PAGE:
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Reading “On Elizabeth Bishop,” the latest installment in Princeton’s Writers on Writers series, it is possible to forget that the author looking at Bishop’s work and world is neither poet nor her contemporary, but a prominent expatriated Irish novelist — until the narrator switches gears: “I come from a house where Time’s hand had also reached in.” In this way, Tóibín begins the memoir that parallels Bishop’s story, with personal connection established as a way to introduce and elaborate upon her emotional landscape.

Until very recently, Elizabeth Bishop’s private world was opaque, the poems yielding little or no subtext. But Tóibín assembles her story from extensive correspondence and poems, and fuses it into a narrative that draws original, unexpected comparisons between Bishop and writers like James Joyce, includes an extended likening of her poetics to English poet Thom Gunn’s, and mirrors Bishop’s life against his own.


The criss-crossing of narratives gives Bishop’s story a new immediacy. Tóibín’s detailed look at some of her best known poems adds to recent incisive critical essays on Bishop from Adam Kirsch’s “The Wounded Surgeon: Confessions and Transformations in Six American Poets” and Ellen Bryant Voigt’s “The Flexible Lyric,” as well as Paul Muldoon’s “Fire Balloons” from the collection “Letter Writing Among Poets: From William Wordsworth to Elizabeth Bishop.’’ Tóibín responds creatively to her life and work; he also offers a perceptive look at published and unpublished poems and responses on the level of the line. For example, he notes “At the Fishhouses” is “almost mathematical in its exactness,” and in “Arrival at Santos,” he recognizes “[a]t the end of the poem, when she says ‘we are driving to the interior,’ this is simply what she means. It is the interior of a new country. It is not the interior of herself. She wishes to look outward; that is why she has come here.”

Tóibín’s and Bishop’s writing contend with “the pull toward a place despite the lure of elsewhere.” The extended comparison and elements of memoir add framework to the portions exclusively about Bishop, orphaned early in life, who would lose Lota de Macedo Soares, the love of her life, to suicide, and Tóibín’s argument of how her poetry moves away from the past and from grief (and yet, through what’s left unspoken, toward it again). The similarities between experience and artistic methodology in Bishop, Tóibín, and Gunn, all three of whom lost parents suddenly and later escaped their pasts by living abroad — yet chose places that retained just enough of their past geography — identify them as kindred in their ability to mask the pain of their personal histories through exactness and the “space between the words.” This aesthetic and protective nucleus allows them to transform the unspeakable (to “write it”) without laying their private lives bare the way many of their contemporaries — Robert Lowell, Sylvia Plath, John Berryman, etc. — were doing at the time. These are Tóibín’s life studies, composed through attention to nuance and detail rather than hearsay. Gunn, Tóibín notes, said of Bishop’s reticence (they were neighbors briefly in San Francisco): “[I]t wasn’t so that we spoke much about our private lives. That’s what makes . . . a close friendship . . . She and I talked about poets we liked.”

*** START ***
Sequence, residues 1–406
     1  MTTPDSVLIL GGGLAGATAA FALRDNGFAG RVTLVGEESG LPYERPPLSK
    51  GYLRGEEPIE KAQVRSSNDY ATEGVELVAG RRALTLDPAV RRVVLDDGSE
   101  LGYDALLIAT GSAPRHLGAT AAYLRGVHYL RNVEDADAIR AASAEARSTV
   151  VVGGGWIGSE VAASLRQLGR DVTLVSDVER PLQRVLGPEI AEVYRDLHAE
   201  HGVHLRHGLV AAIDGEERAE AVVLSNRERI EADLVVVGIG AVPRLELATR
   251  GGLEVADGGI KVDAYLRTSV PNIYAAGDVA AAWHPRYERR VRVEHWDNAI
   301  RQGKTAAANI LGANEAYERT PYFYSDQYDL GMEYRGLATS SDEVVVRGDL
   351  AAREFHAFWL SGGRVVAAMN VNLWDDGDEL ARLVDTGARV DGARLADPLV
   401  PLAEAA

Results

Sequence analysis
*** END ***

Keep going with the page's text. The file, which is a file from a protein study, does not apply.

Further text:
Tóibín also delves into how Bishop’s correspondence freed her from the shadow of Marianne Moore and Robert Lowell, two of her closest friends. In those letters, Bishop not only reacted against the New Critics and the Confessional movement, but established her own poetics, becoming the individual, the Elizabeth, who comes so shockingly to light in her famous poem “In the Waiting Room.”


A deep respect and affinity for Bishop evolves from Tóibín’s criticism. There is a reverence for her work as a poet in the unexpected comparisons with others: “Bishop shared with Hemingway a fierce simplicity, a use of words in which the emotion seems to be hidden, seems to lurk mysteriously in the space between.” (Anyone familiar with Hemingway’s “iceberg” theory senses the rightness of Tóibín’s association.) It is there also in his close analysis of the poems. In the poem “North Haven,” her elegy for Lowell, Tóibín notes her singular choice, the “oddly miraculous . . . slow, incantatory dramatization of the tentative and withholding nature of Bishop’s process as a poet” in the line: “repeat, repeat, repeat; revise, revise, revise.’’


By Colm Tóibín

Princeton University, 224 pp., $19.95

Valerie Duff is poetry editor at Salamander Magazine and the author of “To the New World.” She is the 2015 Poetry Fellow at The Writers’ Room of Boston. She can be reached at valeriesduff@gmail.com.